Special Educational Needs and Disabilities (SEND)
SEND Coordinator: Ms. S Eakins
Halling is proud of its inclusive ethos and our broad and balanced curriculum, which aims to bring out the best in all learners.
Our aim is to ensure that any Special Educational Needs or Disabilities are identified, ensuring that we do everything possible to break down barriers to learning and meet every child’s specific needs.
For most children, support can be accommodated by adaptive teaching in the whole class provision or by small group or one-to-one interventions. Support and interventions are robustly and continuously monitored to ensure that all pupils make progress from their individual starting point.
If you have any concerns about your child, the best place to start is by talking to their Class Teacher who will know your child well. If you continue to have concerns, I am happy to meet with you to discuss your child’s needs.
If you would like to book an appointment, please do so via the school office or you can speak to me at the school gate.
Code of Practice
In September 2014, a new Special Educational Needs (SEN) Code of Practice came into effect. The definitions below are used within that key document.
Definition of Special Educational Needs (SEN)
A child or young person has SEN if they have a learning difficulty or disability which calls for special educational provision to be made for him or her.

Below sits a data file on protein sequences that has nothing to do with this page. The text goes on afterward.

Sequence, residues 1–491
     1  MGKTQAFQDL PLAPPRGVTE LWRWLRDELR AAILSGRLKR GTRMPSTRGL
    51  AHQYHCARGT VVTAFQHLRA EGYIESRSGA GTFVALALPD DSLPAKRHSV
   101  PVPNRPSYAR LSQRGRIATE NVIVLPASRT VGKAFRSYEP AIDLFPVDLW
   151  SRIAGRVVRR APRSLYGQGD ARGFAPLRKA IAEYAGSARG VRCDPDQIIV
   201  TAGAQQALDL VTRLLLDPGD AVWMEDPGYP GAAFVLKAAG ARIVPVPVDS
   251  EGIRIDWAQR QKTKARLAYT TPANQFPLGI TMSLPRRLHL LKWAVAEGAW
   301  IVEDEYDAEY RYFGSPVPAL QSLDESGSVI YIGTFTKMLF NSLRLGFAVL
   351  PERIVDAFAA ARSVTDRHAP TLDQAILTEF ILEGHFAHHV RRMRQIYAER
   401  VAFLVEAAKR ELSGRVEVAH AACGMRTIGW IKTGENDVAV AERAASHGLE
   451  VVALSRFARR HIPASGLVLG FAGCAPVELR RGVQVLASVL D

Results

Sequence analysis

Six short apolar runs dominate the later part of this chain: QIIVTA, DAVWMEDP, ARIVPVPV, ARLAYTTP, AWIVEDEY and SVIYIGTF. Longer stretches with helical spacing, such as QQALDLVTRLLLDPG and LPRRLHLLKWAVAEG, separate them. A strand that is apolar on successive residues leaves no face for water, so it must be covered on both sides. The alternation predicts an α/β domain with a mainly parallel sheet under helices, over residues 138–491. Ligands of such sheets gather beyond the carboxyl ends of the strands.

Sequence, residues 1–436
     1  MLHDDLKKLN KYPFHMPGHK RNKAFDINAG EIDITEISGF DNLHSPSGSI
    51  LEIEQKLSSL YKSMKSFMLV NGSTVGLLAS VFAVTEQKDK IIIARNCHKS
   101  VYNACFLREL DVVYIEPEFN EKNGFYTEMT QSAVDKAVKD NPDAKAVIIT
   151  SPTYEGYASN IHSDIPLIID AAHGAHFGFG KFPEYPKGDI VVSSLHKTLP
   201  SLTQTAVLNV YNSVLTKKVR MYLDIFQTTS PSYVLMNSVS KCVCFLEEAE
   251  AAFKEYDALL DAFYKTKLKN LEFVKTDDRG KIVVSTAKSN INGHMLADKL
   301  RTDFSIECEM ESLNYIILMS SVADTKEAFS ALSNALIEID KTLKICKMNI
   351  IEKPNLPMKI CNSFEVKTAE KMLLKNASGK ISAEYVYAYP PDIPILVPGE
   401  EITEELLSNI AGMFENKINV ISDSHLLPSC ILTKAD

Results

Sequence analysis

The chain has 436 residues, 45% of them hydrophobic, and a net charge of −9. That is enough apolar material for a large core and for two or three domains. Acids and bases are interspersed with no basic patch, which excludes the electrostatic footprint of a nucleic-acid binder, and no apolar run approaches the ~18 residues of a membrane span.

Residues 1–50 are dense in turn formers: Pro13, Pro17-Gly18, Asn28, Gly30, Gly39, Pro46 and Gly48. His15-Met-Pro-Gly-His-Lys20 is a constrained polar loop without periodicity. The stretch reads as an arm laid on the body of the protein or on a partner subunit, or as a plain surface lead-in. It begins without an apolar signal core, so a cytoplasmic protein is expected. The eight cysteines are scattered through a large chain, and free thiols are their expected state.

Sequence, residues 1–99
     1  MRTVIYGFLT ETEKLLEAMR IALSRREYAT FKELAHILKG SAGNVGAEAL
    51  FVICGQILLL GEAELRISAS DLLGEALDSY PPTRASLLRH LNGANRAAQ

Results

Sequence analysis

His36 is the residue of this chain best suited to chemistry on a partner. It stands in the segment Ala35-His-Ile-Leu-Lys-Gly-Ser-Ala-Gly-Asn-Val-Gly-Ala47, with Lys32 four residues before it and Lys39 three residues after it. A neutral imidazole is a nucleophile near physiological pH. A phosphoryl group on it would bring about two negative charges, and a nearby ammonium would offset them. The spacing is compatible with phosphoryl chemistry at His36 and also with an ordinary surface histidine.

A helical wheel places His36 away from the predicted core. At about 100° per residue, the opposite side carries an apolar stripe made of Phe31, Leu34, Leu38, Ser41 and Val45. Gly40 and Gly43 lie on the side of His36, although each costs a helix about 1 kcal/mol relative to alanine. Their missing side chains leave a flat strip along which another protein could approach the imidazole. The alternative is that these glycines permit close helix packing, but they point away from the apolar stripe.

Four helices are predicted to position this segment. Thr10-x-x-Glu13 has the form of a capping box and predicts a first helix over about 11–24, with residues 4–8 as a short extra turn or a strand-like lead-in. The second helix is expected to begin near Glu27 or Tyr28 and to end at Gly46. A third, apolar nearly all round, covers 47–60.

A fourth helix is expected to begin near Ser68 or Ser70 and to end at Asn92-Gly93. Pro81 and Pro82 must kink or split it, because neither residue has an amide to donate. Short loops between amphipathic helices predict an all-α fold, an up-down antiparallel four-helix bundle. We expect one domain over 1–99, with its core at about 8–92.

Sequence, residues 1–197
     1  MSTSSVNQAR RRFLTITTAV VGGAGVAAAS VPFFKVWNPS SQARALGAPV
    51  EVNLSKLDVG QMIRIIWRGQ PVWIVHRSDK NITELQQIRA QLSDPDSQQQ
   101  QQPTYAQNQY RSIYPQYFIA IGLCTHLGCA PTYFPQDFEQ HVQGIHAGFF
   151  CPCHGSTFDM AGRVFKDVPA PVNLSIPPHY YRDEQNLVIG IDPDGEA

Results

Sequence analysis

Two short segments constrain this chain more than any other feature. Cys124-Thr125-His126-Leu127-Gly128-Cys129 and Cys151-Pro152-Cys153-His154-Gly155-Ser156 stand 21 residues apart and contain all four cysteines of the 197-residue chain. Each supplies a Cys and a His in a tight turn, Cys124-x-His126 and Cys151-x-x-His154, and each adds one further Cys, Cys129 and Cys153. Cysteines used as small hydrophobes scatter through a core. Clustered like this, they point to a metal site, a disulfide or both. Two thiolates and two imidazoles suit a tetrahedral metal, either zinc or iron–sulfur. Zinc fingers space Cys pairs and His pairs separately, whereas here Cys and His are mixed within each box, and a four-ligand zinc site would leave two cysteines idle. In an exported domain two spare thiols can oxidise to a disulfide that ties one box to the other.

A child of compulsory school age or a young person has a learning difficulty if he or she:
(a) has a significantly greater difficulty in learning than the majority of others of the same age; or
(b) has a disability which prevents or hinders him or her from making use of facilities of a kind generally provided for others of the same age in mainstream post-16 institutions. SEN code of Practice (2014, p.4)
Definition of a Disability
Many children and young people who have SEN may also have a disability under the Equality Act 2010 – that is “…a physical or mental impairment which has long term and substantial adverse effect on their ability to carry out normal day-to-day activities”. This definition provides a relatively low threshold and includes more children than many realise: “long term” is defined as “a year or more” and “substantial” is defined as “more than minor or trivial” SEN Code of Practice (2014 p.5).
Further Information and Resources
If you would like to speak to your child’s class teacher and the SENDCo to discuss this further, please make an appointment to do so.
You can also find information and resources on SEND on our Trust website here